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Risk factors for colorectal cancer in individuals with a colorectal precursor lesion

Centre for Cancer Prevention

Project Investigator:  Jaim Sutton

Funding Bodies:  Trevor Collins Foundation and MRC

Overview

Colorectal adenomas and colorectal cancer are identified and removed from individuals’ bowels by endoscopy.  These removed adenomas are currently assessed for the risk of future colorectal adenomas and cancer, by assessing their size, cell shape, morphology and number.  As individuals with colorectal adenomas that are larger, villous, abnormal cell shape and multiple are deemed higher risk for future precursor lesions and colorectal cancer. Individuals classified as high risk, are surveilled more frequently by endoscopy to identify colorectal adenomas and cancer as early as possible.  However not all people who are high or low risk for future adenomas and colorectal cancer are identified correctly with this current method of precursor lesion risk stratification.  This is important as colorectal cancer incidence and mortality is significantly reduced by removal of adenomas and endoscopy is invasive and costly.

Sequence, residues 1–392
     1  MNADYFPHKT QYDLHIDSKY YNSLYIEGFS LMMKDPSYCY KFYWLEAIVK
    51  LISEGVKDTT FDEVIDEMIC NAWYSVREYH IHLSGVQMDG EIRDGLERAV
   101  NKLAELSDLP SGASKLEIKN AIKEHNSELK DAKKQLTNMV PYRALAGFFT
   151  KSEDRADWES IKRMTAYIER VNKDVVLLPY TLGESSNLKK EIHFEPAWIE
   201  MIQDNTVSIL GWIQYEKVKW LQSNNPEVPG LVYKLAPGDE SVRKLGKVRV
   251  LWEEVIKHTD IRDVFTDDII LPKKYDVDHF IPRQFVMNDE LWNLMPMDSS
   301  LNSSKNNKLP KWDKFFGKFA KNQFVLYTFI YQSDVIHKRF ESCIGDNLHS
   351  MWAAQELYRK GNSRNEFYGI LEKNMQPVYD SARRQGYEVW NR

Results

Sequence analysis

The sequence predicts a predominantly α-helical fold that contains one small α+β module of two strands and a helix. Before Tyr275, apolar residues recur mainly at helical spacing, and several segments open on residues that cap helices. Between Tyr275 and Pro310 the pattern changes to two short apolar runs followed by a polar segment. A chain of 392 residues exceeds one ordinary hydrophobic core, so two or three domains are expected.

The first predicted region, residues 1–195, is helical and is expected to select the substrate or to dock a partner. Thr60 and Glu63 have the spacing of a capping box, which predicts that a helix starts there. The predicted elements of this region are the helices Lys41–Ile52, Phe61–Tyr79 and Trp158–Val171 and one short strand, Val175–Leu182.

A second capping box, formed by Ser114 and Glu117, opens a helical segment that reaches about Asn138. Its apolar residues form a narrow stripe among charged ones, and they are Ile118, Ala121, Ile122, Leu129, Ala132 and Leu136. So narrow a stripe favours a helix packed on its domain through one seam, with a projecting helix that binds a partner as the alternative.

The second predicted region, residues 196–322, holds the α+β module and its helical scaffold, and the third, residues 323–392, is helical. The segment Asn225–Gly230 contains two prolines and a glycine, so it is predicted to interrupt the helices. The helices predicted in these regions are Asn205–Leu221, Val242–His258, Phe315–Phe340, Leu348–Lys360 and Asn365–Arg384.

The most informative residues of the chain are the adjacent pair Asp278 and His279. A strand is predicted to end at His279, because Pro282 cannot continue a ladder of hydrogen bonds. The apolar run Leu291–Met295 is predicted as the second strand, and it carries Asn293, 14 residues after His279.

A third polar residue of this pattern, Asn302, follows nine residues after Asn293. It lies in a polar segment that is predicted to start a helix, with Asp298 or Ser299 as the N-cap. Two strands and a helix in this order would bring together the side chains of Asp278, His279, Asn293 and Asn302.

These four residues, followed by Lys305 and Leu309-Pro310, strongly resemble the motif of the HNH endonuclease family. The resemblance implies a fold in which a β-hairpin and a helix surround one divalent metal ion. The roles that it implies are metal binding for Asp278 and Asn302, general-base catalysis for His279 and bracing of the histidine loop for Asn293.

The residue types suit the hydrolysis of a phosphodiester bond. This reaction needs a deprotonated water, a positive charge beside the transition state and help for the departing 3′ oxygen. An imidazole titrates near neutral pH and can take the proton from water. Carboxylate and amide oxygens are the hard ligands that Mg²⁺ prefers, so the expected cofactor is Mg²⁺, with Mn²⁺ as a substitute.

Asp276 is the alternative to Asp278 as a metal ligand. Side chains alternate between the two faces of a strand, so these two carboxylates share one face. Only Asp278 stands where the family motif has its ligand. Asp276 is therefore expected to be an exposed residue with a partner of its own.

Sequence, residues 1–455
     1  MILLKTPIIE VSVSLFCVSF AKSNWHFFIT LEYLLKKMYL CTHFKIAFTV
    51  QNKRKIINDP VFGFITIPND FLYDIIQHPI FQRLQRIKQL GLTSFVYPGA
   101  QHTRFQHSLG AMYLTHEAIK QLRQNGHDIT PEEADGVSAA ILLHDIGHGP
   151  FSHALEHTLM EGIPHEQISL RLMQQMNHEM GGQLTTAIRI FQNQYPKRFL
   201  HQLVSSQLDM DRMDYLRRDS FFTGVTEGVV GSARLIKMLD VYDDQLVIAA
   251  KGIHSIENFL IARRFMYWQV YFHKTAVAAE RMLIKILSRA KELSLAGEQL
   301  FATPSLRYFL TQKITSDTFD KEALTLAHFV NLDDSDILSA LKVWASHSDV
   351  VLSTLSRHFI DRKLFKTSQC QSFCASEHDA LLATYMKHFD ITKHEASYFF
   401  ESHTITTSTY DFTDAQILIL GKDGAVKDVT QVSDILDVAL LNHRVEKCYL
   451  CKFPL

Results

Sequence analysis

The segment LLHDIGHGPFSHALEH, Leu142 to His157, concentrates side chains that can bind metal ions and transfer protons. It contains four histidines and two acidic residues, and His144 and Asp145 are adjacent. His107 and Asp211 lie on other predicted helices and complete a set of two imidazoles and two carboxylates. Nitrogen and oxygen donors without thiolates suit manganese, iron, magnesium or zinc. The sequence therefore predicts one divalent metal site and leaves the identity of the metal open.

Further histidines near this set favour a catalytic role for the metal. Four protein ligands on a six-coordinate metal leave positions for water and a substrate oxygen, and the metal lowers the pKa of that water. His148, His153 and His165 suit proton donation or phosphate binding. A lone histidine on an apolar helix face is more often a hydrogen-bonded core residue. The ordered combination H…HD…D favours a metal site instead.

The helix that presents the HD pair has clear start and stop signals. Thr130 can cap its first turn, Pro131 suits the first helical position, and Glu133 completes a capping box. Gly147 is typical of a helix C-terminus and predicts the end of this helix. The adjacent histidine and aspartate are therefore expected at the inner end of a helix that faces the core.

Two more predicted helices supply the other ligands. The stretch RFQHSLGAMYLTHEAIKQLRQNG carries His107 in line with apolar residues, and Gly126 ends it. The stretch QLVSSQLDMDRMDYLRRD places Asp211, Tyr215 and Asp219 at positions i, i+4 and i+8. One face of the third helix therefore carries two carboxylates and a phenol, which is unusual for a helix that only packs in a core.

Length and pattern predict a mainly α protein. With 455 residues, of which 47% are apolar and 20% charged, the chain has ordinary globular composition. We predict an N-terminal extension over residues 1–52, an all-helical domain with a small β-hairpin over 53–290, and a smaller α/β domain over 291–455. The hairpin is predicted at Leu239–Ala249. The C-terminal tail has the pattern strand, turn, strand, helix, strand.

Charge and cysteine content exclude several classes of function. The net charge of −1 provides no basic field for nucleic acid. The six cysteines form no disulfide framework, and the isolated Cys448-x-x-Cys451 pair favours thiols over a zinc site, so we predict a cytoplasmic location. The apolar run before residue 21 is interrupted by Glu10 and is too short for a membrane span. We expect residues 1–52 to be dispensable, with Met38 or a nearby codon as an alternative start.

During this project a retrospective case control study will be carried out in NHS Trust hospitals, using routinely collected archival bowel tissue samples.  Molecular differences will be measured and compared in people with colorectal adenomas at high and low risk for future adenomas and colorectal cancer; with the aim of identifying more sensitive molecular biomarkers for risk stratification and prevention.  A risk prediction model will be developed, taking into account individuals’ molecular and personal characteristics gathered from the literature and case control study.  This model will be used to predict which individuals with colorectal adenomas have a high risk of future adenomas and colorectal cancer.  This will potentially enable patients to undergo further tailored surveillance and future preventive diagnosis and treatment.

 

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